On economic front, one of the major developments, which took place in J&K State last week didn’t get much attention was formation of a new regional rural bank – J&K Grameen Bank. The new bank carved out through merger of Kamraz Rural Bank and Jammu Rural Bank - sponsored by J&K Bank – began its operations from July 1, 2009. The area of operation of J&K Grameen Bank with 172 branches has the combined area of operation of the amalgamated Regional Rural Banks.

Even as the Regional Rural Banks have a major role to revolutionise the rural economy by way of providing adequate financial support to different sectors of rural economy, the performance of these has so far remained dismal. The erstwhile Kamraz Rural Bank and Jammu Rural Bank had advanced Rs.357 crores against their total deposits of Rs.1091 crores, thereby registered a poor Credit - Deposit ratio of just 33 per cent (approximately) as on December 31, 2008.

The new Regional Rural Bank - J&K Grameen Bank – has a huge challenge of revolutionising the rural economy of the state, which, so far, has not been realised to its potential. Agriculture, horticulture and the handicrafts sectors have become the survival mechanisms for the most of the people in the state, but the prevailing situation has not allowed these sectors to flourish. Precisely, the conflict situation here continues at a huge economic cost and under these circumstances the strategic positioning of the Grameen Bank to give boost to agriculture and allied activities, and other sectors of rural economy in its area of operation is need of the hour. It has to pull the sources of livelihood of people associated with tourism, agriculture, handicrafts industries etc out of stagnation. Otherwise it would be old wine in new bottle.

The first and foremost thing is to customize products and services suiting the rural economy. For example, It can lend a huge support to preserve and promote the traditional arts and crafts of the state by financing the people engaged in making shawls, silk carpets, rugs, embroidered clothes, silver-work, papier-mâché work, wood-carving, silk-weaving etc. It can even tailor a financial product for artisans associated with ancient art of stone carving, who, so far, have remained outside the ambit of formal financing. This is an area in which Kashmir has its own niche and could be tapped through formal financing.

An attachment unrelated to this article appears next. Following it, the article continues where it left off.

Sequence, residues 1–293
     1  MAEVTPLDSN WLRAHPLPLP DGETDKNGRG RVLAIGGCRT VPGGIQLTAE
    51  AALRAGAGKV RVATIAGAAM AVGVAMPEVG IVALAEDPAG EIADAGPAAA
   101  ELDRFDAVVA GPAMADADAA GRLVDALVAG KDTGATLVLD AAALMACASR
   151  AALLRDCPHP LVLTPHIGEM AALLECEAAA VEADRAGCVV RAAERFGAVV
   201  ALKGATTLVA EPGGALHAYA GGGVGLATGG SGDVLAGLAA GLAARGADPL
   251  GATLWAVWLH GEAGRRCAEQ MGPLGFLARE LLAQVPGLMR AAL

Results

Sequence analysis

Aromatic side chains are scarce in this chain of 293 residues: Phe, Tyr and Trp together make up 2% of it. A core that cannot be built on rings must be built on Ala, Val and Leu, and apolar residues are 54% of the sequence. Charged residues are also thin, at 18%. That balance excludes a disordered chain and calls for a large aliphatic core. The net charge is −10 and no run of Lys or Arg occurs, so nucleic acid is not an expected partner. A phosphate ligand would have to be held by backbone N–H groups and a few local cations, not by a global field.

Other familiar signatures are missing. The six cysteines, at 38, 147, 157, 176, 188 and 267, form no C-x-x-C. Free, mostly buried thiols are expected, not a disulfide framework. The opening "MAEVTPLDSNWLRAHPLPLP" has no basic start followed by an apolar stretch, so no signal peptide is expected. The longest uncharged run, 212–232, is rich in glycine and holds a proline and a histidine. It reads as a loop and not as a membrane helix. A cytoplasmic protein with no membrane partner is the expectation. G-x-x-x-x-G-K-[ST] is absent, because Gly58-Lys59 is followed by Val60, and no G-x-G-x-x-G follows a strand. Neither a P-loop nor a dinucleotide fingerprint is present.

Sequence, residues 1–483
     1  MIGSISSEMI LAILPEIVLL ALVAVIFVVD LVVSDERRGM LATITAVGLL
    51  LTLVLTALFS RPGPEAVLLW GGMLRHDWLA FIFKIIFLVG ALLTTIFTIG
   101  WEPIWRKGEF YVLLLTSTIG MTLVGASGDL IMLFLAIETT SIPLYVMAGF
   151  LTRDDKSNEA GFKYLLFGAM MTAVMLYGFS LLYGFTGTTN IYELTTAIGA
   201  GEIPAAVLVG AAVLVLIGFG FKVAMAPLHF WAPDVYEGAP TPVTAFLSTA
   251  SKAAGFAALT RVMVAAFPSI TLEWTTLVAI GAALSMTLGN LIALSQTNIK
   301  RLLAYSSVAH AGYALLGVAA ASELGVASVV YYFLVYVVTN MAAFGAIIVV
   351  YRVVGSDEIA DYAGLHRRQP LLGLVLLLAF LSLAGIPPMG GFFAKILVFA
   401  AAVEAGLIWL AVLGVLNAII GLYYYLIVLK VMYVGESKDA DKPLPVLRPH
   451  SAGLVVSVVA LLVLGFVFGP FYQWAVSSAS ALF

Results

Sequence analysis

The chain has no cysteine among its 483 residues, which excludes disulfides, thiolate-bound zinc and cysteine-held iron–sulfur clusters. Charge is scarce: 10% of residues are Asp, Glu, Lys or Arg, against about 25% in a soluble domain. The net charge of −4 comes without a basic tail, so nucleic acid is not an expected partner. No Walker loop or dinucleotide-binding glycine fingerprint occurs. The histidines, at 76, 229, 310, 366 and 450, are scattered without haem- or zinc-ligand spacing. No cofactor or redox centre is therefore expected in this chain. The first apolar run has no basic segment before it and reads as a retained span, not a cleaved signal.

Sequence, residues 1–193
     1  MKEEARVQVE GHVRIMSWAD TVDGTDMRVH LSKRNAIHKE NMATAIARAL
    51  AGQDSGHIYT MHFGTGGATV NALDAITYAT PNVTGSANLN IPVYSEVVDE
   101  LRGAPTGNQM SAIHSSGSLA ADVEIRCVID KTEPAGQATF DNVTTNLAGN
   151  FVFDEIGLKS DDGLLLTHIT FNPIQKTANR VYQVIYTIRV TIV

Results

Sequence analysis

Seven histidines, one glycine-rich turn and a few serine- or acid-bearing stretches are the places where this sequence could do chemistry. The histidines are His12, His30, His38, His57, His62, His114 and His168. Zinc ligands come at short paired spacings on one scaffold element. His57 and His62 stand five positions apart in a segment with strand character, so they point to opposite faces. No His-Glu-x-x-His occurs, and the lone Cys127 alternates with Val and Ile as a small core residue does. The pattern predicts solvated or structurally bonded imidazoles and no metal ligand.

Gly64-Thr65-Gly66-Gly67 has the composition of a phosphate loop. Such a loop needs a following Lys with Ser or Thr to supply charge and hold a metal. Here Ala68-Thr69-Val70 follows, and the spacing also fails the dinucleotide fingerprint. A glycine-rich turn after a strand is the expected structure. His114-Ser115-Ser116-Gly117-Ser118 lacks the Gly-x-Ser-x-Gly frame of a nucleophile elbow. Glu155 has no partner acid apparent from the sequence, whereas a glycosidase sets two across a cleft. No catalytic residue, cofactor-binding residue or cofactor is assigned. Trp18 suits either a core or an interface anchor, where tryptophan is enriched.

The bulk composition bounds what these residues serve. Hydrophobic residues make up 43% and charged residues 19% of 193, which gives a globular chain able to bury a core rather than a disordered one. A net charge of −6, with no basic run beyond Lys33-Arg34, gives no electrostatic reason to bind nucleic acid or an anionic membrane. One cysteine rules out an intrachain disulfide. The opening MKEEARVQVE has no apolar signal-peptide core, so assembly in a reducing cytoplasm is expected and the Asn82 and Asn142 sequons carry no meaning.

Kashmir’s economy is highly dependent on agriculture, supporting about 70 per cent of its population. The horticulture industry in Kashmir is considered the bulwark of rural economy in the state. Nearly 75 per cent of temperate fruits in India are grown in the state. The cultivated orchards yield fine quality of pears, apples, peaches, cherries, walnut, almond, saffron, apricot, strawberry, plums, etc. These sectors provide job facilities for the thousands of people directly and indirectly. Considering the growth prospects of this sector, the new regional rural bank needs to reposition itself by providing timely and adequate finances to the farmers.
The Grameen Bank can play an effective role in tapping the potential in Sericulture, fisheries, floriculture, medicinal and aromatic plants, mushroom production, and apiculture. Sericulture is a traditional occupation for a large section of the population engaged in the extraction of silk fiber. But, today the industry is not enjoying glory due to inadequate infrastructural and agricultural inputs. In fisheries sector, according to an estimate, the 27,781 km of rivers and streams in the state could provide the facility for the farming of over 40 million tons of fish. If figures are to be believed then the right strategy cannot only cater to the local demands but will also enable the state to export.

Take the case of animal husbandry with a large livestock in form of cattle, sheep, goats, poultry, etc. The huge gap between the demand and supply in terms of meat consumption compels the state to purchase the same from other parts of the country. The state provides a suitable climate for cattle breeding and it should be used sufficiently. Tailor made financial products for sheep farming can go a long way in encouraging local farmers to establish their units in the sector. Besides, dairy development too has a vast scope which needs formal financing at the grass root level.

In succinct, the new Regional Rural Bank can prove as one of the instruments of change as far as tapping the potential of rural economy is concerned. Let it be a bank of villages, as it is the time to unearth the state’s economic potential for a durable peace, prosperity and profits for all.